Path found: 2>1>3>6>7>9>10

 

You can refer to the image below to see the nodes approached while Breadth First Search is going on.

 

We can see that the exploration done in both cases differs to a recognizable extent. The iterations performed during BFS are more comparatively. This becomes more useful when the graphs used are large in saving traveling costs.

Frequently Asked Questions

Give an algorithm for postorder traversal in a Binary Tree.

Move to the node's left side (traverse left subtree).

Move to the node's right side (traverse right subtree).
Print the node's data.

List some disadvantages of using a graph data structure.

Some disadvantages of using a graph data structure are listed below.

The pointers used in graphs are complex to handle.

It may have huge memory complexity.

If represented using Adjacency Matrix, it does not allow parallel edges.

Difficult Multiplication

Mention a few real-life applications of a graph data structure.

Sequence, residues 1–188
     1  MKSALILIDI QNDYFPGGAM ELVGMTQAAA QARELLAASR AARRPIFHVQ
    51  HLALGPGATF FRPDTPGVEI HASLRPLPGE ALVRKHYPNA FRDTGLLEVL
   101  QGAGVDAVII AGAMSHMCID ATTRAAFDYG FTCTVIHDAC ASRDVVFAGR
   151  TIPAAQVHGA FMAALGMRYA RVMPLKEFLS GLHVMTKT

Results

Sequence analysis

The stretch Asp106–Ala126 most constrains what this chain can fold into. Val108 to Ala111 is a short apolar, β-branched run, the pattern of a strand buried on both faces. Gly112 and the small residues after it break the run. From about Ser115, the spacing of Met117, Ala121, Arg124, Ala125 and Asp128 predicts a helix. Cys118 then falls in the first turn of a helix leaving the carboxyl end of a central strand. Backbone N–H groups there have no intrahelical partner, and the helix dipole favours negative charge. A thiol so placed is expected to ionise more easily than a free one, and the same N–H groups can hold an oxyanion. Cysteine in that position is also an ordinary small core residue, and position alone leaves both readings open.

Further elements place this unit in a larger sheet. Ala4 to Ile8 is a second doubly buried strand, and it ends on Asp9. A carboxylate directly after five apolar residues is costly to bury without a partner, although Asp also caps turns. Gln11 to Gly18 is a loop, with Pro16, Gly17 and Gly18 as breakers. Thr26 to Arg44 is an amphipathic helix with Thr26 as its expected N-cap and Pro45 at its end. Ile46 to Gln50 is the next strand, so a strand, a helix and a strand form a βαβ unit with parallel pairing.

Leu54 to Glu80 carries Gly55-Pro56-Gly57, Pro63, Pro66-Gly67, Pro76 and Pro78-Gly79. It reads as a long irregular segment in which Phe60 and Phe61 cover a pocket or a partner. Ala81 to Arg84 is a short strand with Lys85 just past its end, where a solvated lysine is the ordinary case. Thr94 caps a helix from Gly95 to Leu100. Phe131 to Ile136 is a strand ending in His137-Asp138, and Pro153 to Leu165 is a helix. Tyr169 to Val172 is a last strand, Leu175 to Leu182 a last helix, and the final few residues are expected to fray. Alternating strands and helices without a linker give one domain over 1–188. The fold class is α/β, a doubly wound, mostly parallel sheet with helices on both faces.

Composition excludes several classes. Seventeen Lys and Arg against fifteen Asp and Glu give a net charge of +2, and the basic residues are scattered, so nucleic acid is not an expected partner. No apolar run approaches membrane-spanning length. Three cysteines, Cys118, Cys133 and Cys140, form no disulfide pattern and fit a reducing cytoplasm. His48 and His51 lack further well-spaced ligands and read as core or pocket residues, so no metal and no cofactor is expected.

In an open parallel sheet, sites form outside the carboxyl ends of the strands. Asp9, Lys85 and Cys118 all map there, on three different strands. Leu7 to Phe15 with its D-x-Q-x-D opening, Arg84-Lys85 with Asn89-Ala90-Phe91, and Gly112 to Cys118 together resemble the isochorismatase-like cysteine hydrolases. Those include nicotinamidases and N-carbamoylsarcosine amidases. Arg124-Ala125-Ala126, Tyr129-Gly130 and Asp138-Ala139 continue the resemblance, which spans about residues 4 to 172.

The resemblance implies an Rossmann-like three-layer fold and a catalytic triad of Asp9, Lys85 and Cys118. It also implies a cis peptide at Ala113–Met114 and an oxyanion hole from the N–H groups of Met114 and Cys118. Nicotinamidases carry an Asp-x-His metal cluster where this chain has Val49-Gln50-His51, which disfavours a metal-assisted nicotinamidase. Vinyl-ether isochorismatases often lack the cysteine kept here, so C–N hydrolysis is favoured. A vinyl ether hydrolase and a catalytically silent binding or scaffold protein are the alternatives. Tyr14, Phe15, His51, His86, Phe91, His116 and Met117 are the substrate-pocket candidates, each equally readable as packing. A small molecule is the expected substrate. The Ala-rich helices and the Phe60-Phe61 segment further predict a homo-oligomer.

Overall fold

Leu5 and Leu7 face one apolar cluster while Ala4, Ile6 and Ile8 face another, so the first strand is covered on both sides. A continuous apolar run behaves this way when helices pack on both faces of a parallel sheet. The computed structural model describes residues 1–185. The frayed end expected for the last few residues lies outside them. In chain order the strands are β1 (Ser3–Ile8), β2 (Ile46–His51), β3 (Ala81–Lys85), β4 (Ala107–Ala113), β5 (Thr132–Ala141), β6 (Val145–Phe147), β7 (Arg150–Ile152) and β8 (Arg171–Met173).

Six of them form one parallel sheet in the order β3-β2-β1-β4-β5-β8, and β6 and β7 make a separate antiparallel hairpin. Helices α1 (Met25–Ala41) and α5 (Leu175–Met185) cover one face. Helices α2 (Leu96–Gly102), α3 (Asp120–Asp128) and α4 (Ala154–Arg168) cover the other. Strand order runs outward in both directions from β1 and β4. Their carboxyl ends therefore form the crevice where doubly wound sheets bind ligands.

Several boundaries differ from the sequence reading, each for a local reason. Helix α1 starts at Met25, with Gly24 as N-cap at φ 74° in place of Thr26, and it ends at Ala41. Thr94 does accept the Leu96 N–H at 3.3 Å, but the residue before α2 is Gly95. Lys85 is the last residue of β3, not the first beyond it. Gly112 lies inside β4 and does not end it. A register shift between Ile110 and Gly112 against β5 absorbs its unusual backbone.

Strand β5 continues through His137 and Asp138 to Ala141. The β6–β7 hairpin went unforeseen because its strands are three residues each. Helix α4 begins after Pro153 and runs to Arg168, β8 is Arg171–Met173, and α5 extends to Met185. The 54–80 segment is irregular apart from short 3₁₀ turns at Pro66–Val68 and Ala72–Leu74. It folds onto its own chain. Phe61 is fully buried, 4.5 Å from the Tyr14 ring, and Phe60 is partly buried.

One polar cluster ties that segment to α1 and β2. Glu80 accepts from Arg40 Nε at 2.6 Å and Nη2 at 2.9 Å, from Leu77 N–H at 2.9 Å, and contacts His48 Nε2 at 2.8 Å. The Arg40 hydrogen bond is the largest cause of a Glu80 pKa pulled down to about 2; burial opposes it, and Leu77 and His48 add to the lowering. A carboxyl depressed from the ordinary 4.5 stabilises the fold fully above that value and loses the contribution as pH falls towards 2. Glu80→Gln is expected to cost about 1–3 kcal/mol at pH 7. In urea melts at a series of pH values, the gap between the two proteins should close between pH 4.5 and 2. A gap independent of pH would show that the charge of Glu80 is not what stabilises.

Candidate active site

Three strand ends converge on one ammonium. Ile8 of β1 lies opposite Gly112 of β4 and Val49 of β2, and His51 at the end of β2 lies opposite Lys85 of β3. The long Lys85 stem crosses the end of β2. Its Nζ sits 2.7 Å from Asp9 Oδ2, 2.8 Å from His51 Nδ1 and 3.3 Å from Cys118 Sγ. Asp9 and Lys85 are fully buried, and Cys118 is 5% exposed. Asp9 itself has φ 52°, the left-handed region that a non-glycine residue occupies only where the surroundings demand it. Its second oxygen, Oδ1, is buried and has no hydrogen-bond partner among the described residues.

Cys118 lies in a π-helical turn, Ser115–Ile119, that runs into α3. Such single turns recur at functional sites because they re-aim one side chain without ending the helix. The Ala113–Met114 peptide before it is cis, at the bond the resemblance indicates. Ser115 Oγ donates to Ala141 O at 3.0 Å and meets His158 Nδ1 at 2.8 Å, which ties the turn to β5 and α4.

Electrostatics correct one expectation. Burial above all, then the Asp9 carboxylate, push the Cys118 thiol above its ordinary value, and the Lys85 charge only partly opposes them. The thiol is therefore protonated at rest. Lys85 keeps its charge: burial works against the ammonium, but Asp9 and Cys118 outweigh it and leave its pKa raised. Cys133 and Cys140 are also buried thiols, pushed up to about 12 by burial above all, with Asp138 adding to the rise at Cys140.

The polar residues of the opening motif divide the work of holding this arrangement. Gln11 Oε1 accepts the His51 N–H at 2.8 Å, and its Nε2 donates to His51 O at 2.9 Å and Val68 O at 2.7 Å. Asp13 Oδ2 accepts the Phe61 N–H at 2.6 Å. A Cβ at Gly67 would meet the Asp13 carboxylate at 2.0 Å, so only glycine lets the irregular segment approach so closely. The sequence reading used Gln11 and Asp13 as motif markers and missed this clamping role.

A few real-life applications of a graph data structure are mentioned below.

Understanding, Visualizing, and Solving complex problems

Data Organization

Shortest Route Predictor

Circuits, Operating Systems, Networking sites, etc.

How many ways are there to represent a graph? Name them.

There are three ways in which we can represent a graph.

Set Representation

Sequential Representation

Linked Representation

Conclusion

To summarize the article, we looked at the problem statement, looked at every possible condition that could occur, understood the approach, went through the Algorithm, saw the implementation, tested the code against an example input, and did a time and space complexities analysis.

We hope the above discussion helped you understand and solve the problem better.

This will also help you learn how to approach any problem like this in the future.

For coders who want to solve more such questions, refer to the list below.